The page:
December 23, 2015

Graduate school, kid stuff, and housing- oh my...

I've been told that graduate school is a bit like a black hole- you go in and disappear...except that you come back out. Eventually.

This semester was definitely a lot more work than the previous two, but at least I'm now going at a rate that will lead to completion in less than six years (six years...shudder). I figure that if I really push myself, I might be ready for my final semester by this time next year. And that sounds just heavenly.

I have to keep telling myself that all of this hard work will eventually pay off. Hopefully.

But, that's enough about school. It's Christmas! Let's talk about something that is way more fun.

Yesterday I went to a Christmas carol sing at Rachel's school, which is also where I went to elementary school. It was a lot of fun to attend the event as a parent. Everything was just too cute, and I kind of felt like I was in a Hallmark Christmas movie. The kids had their pajamas on, the school was decorated for Christmas, and the gym was filled with parents and grandparents and teachers that I haven't seen in years. It was fantastic!

Afterwards, we hugged Rachel good-bye and took Ryan in for another appointment. This time he was assessed for a sensory sensitivity. We haven't gotten the final results back yet, but it appears that he most likely has something called Sensory Processing Disorder (which isn't an official disorder according to the DSM-5, but, I believe, most experts expect that it will be included in the next update).

SPD means that Ryan's sensory processing doesn't work like other kids' systems. Sometimes his senses are overstimulated and he totally freaks out; other times his senses are dulled and he completely misses things. A lot of kids with CAS (Childhood Apraxia of Speech) are also diagnosed with SPD or similar disorders, so this wasn't a complete surprise to us. But, that doesn't make it any easier.

Now we've got an even longer road ahead of us, filled with regular occupational therapy appointments (in addition to all of his speech treatments), training for us and his other caregivers and teachers, and lots and Lots and LOTS of patience. I cannot imagine what it's like to be in Ryan's tiny little body, and it kills me that he can't tell us himself.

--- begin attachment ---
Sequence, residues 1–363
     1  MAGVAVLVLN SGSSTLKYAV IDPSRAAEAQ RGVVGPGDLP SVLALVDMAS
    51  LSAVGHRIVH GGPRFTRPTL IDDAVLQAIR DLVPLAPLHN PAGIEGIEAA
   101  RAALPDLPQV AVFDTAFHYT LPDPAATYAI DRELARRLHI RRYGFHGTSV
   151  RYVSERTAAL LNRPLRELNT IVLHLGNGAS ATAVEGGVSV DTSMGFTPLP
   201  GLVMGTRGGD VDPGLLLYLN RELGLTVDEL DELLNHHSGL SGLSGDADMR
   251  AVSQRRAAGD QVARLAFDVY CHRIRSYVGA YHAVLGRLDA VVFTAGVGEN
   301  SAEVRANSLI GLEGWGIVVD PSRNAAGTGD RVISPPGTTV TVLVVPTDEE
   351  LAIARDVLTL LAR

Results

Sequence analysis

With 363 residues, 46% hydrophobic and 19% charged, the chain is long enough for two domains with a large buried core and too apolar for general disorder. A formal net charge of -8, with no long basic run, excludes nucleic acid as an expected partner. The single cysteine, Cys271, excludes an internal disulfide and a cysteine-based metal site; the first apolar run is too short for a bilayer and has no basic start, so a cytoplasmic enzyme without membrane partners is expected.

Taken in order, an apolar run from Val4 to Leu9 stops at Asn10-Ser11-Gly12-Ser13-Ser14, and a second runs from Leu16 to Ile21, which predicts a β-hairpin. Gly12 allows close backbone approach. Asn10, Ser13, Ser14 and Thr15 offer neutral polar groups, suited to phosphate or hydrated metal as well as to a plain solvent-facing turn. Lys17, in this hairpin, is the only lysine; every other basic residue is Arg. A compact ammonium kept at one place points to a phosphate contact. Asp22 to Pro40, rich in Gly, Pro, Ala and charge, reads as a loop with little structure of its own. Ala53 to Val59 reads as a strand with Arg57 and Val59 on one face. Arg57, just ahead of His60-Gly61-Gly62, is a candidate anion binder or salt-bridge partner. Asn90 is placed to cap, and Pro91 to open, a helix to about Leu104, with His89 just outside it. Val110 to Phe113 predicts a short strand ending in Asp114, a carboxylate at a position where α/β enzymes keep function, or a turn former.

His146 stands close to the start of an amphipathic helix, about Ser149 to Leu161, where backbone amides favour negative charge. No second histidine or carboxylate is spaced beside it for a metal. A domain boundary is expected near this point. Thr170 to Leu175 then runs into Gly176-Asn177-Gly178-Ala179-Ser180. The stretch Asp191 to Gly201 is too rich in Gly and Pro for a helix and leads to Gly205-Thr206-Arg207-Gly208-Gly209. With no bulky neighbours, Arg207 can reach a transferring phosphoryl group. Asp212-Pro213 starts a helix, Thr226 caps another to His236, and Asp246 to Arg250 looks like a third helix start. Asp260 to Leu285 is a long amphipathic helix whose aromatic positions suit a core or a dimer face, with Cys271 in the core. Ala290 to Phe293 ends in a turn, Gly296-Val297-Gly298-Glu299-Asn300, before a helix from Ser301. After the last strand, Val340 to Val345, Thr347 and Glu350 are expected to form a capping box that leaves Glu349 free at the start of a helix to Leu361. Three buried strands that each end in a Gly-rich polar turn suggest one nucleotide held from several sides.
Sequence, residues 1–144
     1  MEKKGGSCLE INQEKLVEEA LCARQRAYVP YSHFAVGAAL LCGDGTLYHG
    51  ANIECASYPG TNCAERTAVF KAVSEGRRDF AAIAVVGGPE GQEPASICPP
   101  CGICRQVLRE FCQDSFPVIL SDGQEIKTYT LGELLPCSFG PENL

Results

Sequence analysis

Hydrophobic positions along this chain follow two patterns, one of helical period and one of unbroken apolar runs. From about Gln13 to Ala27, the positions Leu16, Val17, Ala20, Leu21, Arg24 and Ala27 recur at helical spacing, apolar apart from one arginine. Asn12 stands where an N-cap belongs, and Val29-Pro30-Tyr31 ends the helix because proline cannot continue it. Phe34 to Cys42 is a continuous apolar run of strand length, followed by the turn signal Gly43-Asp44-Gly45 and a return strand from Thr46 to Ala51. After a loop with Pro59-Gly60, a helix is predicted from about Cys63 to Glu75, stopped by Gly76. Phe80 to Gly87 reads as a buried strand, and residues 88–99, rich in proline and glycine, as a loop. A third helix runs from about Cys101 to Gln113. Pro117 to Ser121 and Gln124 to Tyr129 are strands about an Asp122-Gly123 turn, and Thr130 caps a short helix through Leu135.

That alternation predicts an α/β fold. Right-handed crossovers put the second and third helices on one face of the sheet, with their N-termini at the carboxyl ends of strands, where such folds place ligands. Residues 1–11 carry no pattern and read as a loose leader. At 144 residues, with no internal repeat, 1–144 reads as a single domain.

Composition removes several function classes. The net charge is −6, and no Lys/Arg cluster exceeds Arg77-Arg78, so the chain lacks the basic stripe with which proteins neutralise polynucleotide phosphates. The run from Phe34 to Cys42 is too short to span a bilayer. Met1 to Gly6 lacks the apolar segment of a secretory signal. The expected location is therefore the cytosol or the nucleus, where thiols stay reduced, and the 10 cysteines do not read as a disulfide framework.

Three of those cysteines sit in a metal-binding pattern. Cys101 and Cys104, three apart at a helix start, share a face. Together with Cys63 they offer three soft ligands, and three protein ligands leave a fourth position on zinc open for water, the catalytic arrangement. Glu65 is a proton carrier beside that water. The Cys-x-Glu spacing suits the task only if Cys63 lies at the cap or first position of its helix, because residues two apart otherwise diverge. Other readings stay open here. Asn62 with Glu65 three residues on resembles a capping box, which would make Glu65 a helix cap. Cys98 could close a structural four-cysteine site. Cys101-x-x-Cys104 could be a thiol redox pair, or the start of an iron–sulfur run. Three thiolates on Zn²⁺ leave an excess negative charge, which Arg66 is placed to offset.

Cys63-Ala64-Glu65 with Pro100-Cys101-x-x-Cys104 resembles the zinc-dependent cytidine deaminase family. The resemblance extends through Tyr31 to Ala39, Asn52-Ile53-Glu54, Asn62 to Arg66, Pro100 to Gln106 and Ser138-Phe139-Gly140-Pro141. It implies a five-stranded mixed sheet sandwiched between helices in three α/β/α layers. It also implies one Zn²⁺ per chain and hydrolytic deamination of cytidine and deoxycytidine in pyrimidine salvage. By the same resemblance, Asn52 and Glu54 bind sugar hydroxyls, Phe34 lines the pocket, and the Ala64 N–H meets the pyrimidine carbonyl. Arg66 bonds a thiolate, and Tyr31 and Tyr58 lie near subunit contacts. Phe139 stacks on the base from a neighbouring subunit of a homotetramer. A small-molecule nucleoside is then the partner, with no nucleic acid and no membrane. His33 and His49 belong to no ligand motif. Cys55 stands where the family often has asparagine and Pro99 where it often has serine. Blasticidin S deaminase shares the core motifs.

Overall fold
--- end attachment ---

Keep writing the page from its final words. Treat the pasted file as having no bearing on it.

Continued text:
After waiting for over three years, Ryan finally said, "I love you" a few weeks ago (although, it sounded more like I uv oo, but we knew what he meant). He was copying Rachel when he said it, but it was beautiful. And it made all of our efforts worth it.

Last week we made the difficult decision to sell our land. We love the location and the lot is absolutely beautiful, but we realized that this particular spot is not right for us. We have a few other opportunities that we're chasing, but as of today we are not exactly certain where our new home will finally be built. That's disappointing because we had planned to start looking for a builder after the holidays, and having to put the process off for at least another year is really discouraging.

We have our entire house designed...right down to the color of the kitchen cabinet knobs. I'm ready to build. Now. I don't ever remember praying for patience (I believe my exact words were, "I pray for peace"), but it seems as though God is dishing out plenty of opportunities to develop my abilities in that specific area of my life.

So, that's us right now. We're just doing our thing and living our lives like everyone else is also doing.

But... I could use a tad less drama. And a new house.

August 25, 2015

Graduate school...

This week I finally started graduate school. Like, for realsies this time.

Last year I took classes as a non-degree seeking student, which essentially means that I decided late (like, almost 6 months late) to go back to school and missed the application deadline. Rather than wait a full year to start, I was allowed to take two classes before I was actually in the program. Yea me.

Anywho, last January I applied for and was accepted into a Higher Education and Student Affairs program in the College of Education. I'll be in the "higher education" portion of the program and will focus more on administration that student affairs.

My classes cover topics like finances, policies, student development, organizational theories, diversity initiatives, assessment...

I know... super exciting. Right?

And yes, I'm terrified. And already exhausted.

But, hopefully, in 2-3 years I'll look back at this decision and be like, yes, that was completely and totally genius of me to go to graduate school. Good job, Angie.

2015: The Real Deal
2014: The First(ish) Day

We walked the walk...

Last Saturday Team Ryan participated in the 2015 Mississippi Valley Walk for Apraxia. The money we raised will fund CASANA's (Childhood Apraxia of Speech Association of North America) programs like iPads for children who need it to communicate, parent and speech therapist workshops, research, and a program to assist families in need with speech therapy costs.

We were completely humbled by the amount of support we received from our friends and family for this event, and cannot thank everyone enough for their generosity and words of encouragement. Some of Ryan's most favorite people (his daycare provider and her husband) walked with Team Ryan. As did my parents, Jake's aunt and cousin, and Izzy the dog.